He grins at this, the wolfish grin that shows his white teeth and lights the mischievous green lights in his eyes.
She’s a doctor now so she deftly injects the anaesthetic, angles his face towards the light and starts to disinfect and then sew the wound, taking care to make the stitches as small as possible so the scar will be hardly visible. Her hands are sure and steady, doing their work though they’re so close to that fabulous face with the cheekbones, the faintly pink glowing lips that beckon like a gateway to paradise. At least he’s closed his eyes so he can’t distract her with his opaque shimmering stare.
She knows she can do this. She won’t let him down.
“I’ve used dissolvable thread so no need to find a doctor to have them taken out,” she says once she’s finished. “I assume you had all your shots before you left so we shouldn’t worry about any side effects, should we? I suggest you go take a shower now while I ring room service to have some food brought up. What would you like?” She helps him get up again.
“I don’t care. What I really would like is a whiskey, though. And … ,” he hesitates before continuing, “would you mind dropping off my clothes at the reception in order to have them dried and cleaned? And ask them to have the whole lot brought up here at five thirty am tomorrow. I have to catch a train at the Gare du Nord at six thirty.”
“I’ll order you something. But no alcohol, not in the state you’re in now. I’ll give you a strong painkiller and that should allow you to catch a few hours of sleep.”
He starts to protest but she ignores him, sweeping up his clothes from the floor instead. “I’m the doctor here, remember?”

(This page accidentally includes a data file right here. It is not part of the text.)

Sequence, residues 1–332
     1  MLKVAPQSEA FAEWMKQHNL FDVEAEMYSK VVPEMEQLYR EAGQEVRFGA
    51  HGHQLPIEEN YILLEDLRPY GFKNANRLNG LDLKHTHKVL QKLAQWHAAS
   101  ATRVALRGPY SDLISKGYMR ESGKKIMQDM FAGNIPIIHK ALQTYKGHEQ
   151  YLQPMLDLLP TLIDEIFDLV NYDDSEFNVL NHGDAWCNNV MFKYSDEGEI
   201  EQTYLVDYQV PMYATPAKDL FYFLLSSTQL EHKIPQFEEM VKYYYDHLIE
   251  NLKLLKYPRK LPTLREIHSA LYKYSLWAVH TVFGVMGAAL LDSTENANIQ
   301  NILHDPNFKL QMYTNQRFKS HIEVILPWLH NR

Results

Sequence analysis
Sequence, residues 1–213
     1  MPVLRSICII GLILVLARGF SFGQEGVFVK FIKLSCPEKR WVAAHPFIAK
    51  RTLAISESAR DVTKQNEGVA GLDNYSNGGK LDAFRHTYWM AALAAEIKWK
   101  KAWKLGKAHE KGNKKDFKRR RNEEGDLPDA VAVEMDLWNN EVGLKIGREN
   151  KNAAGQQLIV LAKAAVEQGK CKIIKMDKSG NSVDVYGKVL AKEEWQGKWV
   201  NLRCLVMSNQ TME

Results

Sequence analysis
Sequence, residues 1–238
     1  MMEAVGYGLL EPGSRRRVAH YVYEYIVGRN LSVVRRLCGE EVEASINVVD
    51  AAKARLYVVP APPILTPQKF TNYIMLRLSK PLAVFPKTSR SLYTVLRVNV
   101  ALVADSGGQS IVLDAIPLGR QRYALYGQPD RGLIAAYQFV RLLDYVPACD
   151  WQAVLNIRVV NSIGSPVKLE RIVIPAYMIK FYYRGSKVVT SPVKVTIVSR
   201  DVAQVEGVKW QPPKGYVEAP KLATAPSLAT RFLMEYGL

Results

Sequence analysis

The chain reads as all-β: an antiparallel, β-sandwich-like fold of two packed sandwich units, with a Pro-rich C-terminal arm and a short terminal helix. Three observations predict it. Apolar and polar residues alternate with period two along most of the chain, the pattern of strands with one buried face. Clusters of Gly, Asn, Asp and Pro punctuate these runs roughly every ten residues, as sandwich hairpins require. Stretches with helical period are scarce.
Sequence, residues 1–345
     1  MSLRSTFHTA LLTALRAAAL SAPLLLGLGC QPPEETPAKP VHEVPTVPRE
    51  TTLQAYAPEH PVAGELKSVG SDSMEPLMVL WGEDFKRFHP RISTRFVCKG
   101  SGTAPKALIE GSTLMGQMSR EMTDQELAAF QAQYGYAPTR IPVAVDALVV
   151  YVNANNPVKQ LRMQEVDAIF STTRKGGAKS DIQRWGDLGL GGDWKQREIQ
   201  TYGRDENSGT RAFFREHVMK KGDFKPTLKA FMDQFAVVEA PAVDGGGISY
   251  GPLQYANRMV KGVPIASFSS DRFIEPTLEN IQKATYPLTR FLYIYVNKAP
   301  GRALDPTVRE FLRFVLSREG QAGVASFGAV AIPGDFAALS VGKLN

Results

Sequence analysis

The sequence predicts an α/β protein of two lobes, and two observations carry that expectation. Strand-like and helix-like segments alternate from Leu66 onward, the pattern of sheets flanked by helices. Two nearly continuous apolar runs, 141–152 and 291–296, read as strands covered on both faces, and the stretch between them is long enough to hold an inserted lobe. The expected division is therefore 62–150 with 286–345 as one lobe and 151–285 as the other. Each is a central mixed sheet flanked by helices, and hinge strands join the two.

“Now you sound just like John does.” No more than a casual mention of his lover’s name. Yet she hears his voice, always deep and velvety-rich to her ears, acquire an even more dulcet aspect as his mouth shapes itself around that one syllable, delivering a stab wound straight to her heart.
She nearly drops her bundle, but forces down the surge of emotion roaring inside her before replying. “Well, he’s a doctor as well so I suppose that only fits, doesn’t it? I’m glad to hear he’d agree with me. Now go take that shower.”
“Phone,” he demands. She finds it in the inner pocket of his jacket and hands it to him. He sends her another smile and retreats to the bathroom. “Will you help me out of this robe?” he shouts a few seconds later. “It hurts like hell.”
The next half hour sees Molly in a frenzy of activity. She decides he’ll have a pasta Bolognese – she remembers her sister complaining it’s the only dinner her eight-year-old daughter Daisy will have so it should do the trick of inducing him to eat something – with a side dish of asparagus and a chocolate tartlet to lure him to finish his plate. A litre bottle of Badoit will deal with the fluid intake.
Dinner ordered she struggles into some clothes and takes the lift down to reception. She shoves the massive wet bundle into the arms of the startled attendant together with her impossible request to shape it into presentable, wearable pieces of clothing again in a few hours time.